To complete the project, the state government has purchased about 300 old houses, which will be demolished to make room for the 3,000 Hindu pilgrims who flock to the site daily. Some of Varanasi's longest-running budget hotels, including the Puja and Yogi Lodge guesthouses, are in the affected area and have gone out of business.
Newer, tourist-oriented accommodation has sprouted away from the golden temple in a maze of lanes extending to the south of the popular Dashaswamedh Ghat, where domestic and foreign tourists congregate daily at 6.45 p.m. to witness the Ganga Aarti, a Hindu ceremony of devotion to the river. These new hotels are housed in the old buildings, but their interiors have been refurbished to cater to the growing number of international flashpackers seeking to experience Varanasi without too much discomfort.
Wander Station Varanasi, off the Pandey Ghat, is a cross between a boutique inn, an upmarket hostel and a coworking space. Guests must leave their shoes at the door, and everything -- from the Wi-Fi equipped common room to the dormitories, double rooms, bathrooms and a charming rooftop -- is immaculate and squeaky clean. "It's important to give guests a clean and safe space to return to and rest after a visit to the busy streets of the old town," said one of the hotel's staff members. "We want our guests to feel as much as home as possible."
Not far away is Bunkedup Hostel, another recent addition to Varanasi's upmarket budget options. Housed inside a turret-like multistory building, Bunkedup sports a minimalist black design that blends well with the rooms' furnishings -- privacy curtains, individual reading lights, safety lockers and a well-decorated rooftop terrace with a bar and glorious views over the Ganges. Dormitory beds here start at 500 rupees ($7.23) a night, which is more than double the price of a room for two in Varanasi's older budget hostels.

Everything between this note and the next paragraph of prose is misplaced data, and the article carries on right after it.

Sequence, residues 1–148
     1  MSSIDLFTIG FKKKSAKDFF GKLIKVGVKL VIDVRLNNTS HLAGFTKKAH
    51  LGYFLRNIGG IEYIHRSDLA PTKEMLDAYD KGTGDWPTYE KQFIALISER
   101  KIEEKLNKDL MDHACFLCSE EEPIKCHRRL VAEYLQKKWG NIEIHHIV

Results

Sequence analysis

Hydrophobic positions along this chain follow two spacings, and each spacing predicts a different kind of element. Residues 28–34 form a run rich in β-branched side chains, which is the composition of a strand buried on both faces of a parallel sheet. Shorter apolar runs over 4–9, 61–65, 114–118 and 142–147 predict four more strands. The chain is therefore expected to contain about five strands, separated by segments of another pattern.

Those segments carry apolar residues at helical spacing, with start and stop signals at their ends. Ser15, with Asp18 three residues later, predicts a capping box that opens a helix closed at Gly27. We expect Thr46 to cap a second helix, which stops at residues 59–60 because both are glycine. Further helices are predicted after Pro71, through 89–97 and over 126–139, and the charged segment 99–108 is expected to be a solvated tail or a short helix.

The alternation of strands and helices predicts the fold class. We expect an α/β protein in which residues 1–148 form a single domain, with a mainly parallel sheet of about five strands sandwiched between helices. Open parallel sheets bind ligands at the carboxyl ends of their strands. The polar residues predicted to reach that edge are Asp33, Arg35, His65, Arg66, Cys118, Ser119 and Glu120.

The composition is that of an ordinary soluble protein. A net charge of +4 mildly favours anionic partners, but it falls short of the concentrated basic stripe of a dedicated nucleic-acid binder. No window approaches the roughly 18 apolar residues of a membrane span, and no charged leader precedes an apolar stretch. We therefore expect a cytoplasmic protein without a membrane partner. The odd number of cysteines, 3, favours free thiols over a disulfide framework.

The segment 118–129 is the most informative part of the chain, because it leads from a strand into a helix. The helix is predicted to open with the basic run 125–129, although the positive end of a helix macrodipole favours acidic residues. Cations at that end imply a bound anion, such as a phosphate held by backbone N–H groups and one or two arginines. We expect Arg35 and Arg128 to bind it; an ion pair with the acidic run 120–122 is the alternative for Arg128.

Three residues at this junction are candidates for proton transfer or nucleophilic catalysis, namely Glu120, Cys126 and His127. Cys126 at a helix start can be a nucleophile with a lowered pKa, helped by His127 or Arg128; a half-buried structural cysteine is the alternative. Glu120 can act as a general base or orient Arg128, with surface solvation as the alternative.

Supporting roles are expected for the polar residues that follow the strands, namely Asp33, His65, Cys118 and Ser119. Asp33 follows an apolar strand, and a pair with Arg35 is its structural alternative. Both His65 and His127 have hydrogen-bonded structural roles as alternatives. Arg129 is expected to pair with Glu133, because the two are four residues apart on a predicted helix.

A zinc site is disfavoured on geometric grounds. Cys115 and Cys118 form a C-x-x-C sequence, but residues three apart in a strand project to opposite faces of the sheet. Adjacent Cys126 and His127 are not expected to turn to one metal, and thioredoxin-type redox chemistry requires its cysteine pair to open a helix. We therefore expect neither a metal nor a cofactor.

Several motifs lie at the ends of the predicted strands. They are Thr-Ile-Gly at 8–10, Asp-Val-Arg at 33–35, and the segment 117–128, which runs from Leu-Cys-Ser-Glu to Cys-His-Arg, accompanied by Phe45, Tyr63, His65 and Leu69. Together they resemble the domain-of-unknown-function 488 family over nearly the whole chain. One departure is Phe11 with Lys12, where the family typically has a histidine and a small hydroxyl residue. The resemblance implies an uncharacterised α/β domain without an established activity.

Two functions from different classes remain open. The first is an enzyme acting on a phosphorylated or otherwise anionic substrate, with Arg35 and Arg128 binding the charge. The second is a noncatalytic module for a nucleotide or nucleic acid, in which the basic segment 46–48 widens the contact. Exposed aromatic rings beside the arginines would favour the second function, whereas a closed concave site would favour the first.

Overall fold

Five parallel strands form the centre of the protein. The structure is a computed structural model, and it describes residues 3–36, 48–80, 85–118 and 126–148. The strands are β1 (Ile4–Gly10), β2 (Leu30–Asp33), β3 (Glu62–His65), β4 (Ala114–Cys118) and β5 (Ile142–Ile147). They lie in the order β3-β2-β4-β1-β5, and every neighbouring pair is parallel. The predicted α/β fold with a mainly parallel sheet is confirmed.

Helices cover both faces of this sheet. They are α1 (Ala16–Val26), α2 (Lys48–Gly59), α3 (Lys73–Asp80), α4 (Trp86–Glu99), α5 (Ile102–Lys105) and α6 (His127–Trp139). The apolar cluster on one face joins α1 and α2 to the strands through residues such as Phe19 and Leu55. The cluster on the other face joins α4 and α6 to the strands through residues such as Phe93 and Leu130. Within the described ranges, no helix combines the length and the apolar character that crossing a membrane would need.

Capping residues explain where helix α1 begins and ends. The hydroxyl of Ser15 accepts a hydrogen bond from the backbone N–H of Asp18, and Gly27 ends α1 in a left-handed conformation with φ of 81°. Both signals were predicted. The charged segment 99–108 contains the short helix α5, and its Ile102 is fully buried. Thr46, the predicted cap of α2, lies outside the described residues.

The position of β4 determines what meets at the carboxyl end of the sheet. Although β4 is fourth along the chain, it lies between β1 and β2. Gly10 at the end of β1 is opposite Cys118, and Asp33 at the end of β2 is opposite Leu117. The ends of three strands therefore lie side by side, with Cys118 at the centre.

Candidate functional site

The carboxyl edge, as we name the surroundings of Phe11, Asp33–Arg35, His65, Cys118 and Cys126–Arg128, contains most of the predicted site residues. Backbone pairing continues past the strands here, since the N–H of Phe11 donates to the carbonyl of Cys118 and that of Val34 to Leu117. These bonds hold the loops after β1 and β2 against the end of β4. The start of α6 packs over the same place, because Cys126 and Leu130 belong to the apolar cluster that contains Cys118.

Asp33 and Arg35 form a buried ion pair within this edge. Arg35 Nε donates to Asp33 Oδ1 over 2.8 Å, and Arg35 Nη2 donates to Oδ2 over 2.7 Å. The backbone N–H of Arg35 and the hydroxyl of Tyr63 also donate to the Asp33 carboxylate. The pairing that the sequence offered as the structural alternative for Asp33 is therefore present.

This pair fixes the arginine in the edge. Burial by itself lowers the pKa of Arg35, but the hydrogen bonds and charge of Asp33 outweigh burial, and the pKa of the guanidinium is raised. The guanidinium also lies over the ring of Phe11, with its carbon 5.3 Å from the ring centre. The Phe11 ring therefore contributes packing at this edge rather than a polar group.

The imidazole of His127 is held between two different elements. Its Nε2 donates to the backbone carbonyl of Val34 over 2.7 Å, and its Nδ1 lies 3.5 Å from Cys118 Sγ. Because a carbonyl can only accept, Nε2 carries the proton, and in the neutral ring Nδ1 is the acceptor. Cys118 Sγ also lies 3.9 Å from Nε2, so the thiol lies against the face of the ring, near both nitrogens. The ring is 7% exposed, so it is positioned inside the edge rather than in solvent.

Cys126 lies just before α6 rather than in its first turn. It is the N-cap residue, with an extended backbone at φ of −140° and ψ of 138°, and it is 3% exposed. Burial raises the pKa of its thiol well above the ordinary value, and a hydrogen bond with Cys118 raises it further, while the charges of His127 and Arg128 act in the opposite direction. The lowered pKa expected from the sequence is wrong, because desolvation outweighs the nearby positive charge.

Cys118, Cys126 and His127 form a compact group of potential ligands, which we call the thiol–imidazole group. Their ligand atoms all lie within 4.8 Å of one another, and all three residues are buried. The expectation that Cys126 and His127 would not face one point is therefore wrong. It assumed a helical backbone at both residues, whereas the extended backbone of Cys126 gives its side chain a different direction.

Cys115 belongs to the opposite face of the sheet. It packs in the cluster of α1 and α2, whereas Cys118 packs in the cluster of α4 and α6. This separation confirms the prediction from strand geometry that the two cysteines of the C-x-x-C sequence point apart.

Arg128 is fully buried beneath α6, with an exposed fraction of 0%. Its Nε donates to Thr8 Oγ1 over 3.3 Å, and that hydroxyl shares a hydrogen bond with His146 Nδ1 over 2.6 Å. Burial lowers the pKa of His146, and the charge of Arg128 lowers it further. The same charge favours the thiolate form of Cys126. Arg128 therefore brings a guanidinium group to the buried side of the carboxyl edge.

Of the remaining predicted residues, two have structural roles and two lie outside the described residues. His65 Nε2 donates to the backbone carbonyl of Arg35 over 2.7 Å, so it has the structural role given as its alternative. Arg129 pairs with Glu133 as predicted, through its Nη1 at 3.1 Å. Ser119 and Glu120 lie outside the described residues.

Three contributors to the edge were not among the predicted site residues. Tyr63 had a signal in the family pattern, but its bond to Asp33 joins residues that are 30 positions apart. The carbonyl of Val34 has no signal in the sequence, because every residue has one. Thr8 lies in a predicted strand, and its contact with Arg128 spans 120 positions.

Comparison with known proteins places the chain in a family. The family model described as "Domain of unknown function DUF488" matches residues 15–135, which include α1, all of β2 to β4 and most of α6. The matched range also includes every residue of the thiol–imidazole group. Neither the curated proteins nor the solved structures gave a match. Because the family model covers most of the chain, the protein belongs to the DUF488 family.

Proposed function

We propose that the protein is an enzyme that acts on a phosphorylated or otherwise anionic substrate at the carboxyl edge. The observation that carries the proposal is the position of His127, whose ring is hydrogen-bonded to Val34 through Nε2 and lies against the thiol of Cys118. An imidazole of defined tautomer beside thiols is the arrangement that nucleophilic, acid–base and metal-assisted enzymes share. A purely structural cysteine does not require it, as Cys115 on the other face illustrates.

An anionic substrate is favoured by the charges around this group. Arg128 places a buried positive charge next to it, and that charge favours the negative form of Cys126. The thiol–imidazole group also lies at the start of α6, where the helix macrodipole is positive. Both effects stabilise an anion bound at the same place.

This new wave of comfort and higher prices is not just targeting the budget segment of Varanasi's accommodation market: the Palace on Steps, set above a stone staircase rising above the quiet Rana Ghat, has been acquired by India's Dwivedi Hotels group and refurbished into an atmospheric boutique hotel. Room 205 is housed within the building's original turret, facing the ghats and the Ganges, and is priced at 10,000 rupees a night.
Not far away on the Shivala Ghat is the Suryauday Haveli, a former residence of the royal family of Nepal that is now a boutique resort managed by Amritara Hotels & Resorts, part of C&C Alpha Group of the U.K. The building's original rooms have been turned into suites, maintaining the original fittings, and overlook an inner courtyard where local musicians perform for guests every night. Rooms cost 15,500 rupees a night.
"We can organize tours of the old city and boat rides on the Ganges to make sure that our clients experience top-notch service even outside of the hotel's premises," said Pankaj Mahajan, Suryauday Haveli's general manager.
Over time, Varanasi's touristic reupholstering will probably transform visitors' impressions of the city, but its essence may remain. "Change is natural," said Govindh, an orange-swathed holy man with long unkempt hair and a beard, who was observing the city's visitors from a corner of Dashaswamedh Ghat.
Behind him, three goats started a playful fight, which quickly turned into a clash of skulls and horns. "This city and Mother Ganges are so sacred and ancient they just transcend the workings of men," said Govindh.